Ruby Cowling, winner of the 2014 prize
‘I’m not sure I should send this story in”. There are two versions of this feeling. The first version comes from a nagging feeling that the story’s not quite doing what you wanted it to, or from that pesky half-page that’s a bit dull (but you need it, to get to the good bit, so you hope the reader won’t mind it being dull), or from the ending that you know you’ve rushed. If that’s the feeling, the story needs more work – do it, it’ll be worth it.
The second version comes from a deep fear that you’ve revealed too much, gone too far, taken a risk, put too much into it; a fear that you’re going to be exposed. If that’s the feeling, SEND THAT AMAZING STORY IN.’
Claire Sita Fisher, winner of the 2013 prize
‘Winning this Short Story Prize was a key milestone in my writing career; not only the prize itself but the ongoing support and advice from Spread the Word, gave me the courage to start taking myself seriously as a writer. Short stories are great because, when done well, they deliver a complete and satisfying experience that gains its energy as much from what is written as from what they leave out. Short stories can transform a “dead” hour – staring at the back of a stranger’s neck on the tube to work; waiting at the doctor’s surguery, etc – into something riotously alive.’
The deadline to submit is 5pm on 17 September. This year we’re offering 50 free entries to low-income writers based in London on a first come, first served basis. Find out more on the London Short Story Prize project page.class="post-14836 post type-post status-publish format-standard has-post-thumbnail hentry category-interview tag-moyra-scott tag-productivity tag-time-management tag-workshop"A chat with
How did you become a ‘productivity expert?’ What has your journey been like?
As a creative, I am a proliferator of ideas, a starter of many projects. In terms of productivity, my weakness is being able to focus and follow through.
After one slightly fraught conversation with my husband, who told me in no uncertain terms that I needed to ‘Get. Stuff. Done!’ – I decided to take myself in hand. I started a blog, called it ‘Getting Stuff Done’ and began my quest to be a productive superstar! I studied the experts, I read the blogs, I attempted to apply it all to my life.
A year or so later, I was in conversation with a friend, who mentioned that their business was looking to take someone on. I was looking for work and literally said, ‘Hire me!! What is it? You can train me!’ It turned out that what their company did was to deliver a productivity programme based on the work of David Allen, who wrote the seminal productivity book Getting Things Done: Stress Free Productivity. I felt this was serendipitous and luckily so did they. I was trained in the ‘GTD’ method of ‘stress free productivity’ and learned to help transform the way people organised themselves at work. I worked at this company for several years, training and coaching hundreds of people to be more productive.
I discovered that I LOVED the whole field of productivity. My work broadened beyond the GTD method. I qualified as a coach and integrated my learning and experiences. I am still a productivity geek and i read books on it all the time.
You’ve worked in both the corporate and creative worlds. How different are the two environments?
The main difference is that in a corporate setting there are more external obstacles to productivity; other people, emails, meetings and so on. For creatives the obstacles can be more internal; distraction, procrastination, or attempting to operate without any kind of organisational structure whatsoever – which might feel like the creative way of doing things, but in fact means some activities, which need to be done regardless, are confusing, stressful, messy and take up waaay more time and energy than they need to.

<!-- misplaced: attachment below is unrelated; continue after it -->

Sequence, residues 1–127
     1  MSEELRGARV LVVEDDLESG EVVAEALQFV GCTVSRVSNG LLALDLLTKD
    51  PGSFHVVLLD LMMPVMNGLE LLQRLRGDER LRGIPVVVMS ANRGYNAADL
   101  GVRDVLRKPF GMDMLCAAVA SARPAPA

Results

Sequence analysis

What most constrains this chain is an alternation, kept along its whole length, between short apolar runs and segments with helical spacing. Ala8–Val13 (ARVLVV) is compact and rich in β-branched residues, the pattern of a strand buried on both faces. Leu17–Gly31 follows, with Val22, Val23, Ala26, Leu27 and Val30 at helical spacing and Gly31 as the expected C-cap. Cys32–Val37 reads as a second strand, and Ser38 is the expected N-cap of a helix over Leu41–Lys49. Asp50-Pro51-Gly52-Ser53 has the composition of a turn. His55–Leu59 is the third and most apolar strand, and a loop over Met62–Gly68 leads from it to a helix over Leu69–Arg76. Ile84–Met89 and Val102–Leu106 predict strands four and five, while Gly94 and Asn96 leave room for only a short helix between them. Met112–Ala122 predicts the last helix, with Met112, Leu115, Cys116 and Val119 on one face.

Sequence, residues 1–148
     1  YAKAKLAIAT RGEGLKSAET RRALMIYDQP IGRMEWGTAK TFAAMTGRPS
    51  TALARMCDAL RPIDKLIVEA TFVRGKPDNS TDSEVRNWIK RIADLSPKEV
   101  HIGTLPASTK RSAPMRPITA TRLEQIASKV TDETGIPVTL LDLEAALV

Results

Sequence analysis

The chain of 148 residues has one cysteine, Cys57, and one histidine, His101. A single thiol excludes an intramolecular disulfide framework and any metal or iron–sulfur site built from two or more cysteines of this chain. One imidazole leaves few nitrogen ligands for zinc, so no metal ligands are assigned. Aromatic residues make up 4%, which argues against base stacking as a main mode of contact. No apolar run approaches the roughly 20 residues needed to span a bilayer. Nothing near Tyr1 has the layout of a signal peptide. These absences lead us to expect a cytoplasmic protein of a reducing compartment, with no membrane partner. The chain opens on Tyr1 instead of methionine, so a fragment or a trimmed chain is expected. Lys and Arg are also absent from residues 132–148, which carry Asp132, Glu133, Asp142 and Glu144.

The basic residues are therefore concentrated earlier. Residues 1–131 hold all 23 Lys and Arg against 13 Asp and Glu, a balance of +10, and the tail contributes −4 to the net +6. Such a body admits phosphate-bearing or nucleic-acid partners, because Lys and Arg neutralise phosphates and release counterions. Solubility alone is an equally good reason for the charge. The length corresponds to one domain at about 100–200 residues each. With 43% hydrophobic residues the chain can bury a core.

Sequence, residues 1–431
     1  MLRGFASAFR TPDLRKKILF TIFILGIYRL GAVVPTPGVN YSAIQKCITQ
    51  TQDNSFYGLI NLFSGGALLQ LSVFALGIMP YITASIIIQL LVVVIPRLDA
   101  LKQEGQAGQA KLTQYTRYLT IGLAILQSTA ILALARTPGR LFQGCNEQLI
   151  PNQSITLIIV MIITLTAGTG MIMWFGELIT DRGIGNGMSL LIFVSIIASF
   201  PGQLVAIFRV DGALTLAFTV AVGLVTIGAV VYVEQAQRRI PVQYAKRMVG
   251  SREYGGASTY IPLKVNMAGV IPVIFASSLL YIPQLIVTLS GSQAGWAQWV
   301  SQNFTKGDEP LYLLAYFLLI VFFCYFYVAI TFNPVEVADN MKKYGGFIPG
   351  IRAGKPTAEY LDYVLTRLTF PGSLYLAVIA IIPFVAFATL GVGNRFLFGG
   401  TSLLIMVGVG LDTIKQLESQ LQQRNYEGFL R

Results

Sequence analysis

Sometimes in the creative writing community people are described as ‘planners’ or ‘pantsers.’ The first tend to plan out their work and writing, whilst the second go with the flow (or fly by the seat of their pants). Do you think that either approach is better?
I love those descriptions and recognise both behaviours. Having said that I haven’t come across many ‘planners’ in the creative community! I would say, that there are pluses and minuses to both approaches but if there is a problem with productivity, then either approach can used as a form of procrastination.
Many writers will be writing around their daily commitments; for example after work, or whilst looking after a family. What advice do you have for people who can’t commit all day, every day to writing?
I was speaking to an author, the other day, who has just finished writing a book which she wrote while her child was napping. She managed to do it because, when she sat down to write, she actually wrote. I am telling this story to show that it is possible. It is worth knowing what is stopping you is not ‘not enough time’ but something else. Figuring out what is the first step in overcoming it!
What are your top tips for productivity?
This does slightly depend on the person – but for me and in as general a way as I can, I would say:
Begin with the end in mind
Work out what the easiest, smallest, physical thing you need to do to start.
Do one thing at a time (ha! so hard for me – but its true!)
Zone your time so that certain days / times are strictly for creativity.
Work out what your own personal obstacles are – be honest with yourself – and figure out ways to overcome them at source and in advance.
Read the War of Art by Stephen Pressfield if you haven’t already!